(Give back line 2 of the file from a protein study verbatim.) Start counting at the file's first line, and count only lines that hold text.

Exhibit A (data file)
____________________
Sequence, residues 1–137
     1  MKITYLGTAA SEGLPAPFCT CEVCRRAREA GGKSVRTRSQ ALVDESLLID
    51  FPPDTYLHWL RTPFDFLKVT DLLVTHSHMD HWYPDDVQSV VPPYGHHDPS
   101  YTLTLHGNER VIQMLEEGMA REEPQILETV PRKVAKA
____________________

     1  MKITYLGTAA SEGLPAPFCT CEVCRRAREA GGKSVRTRSQ ALVDESLLID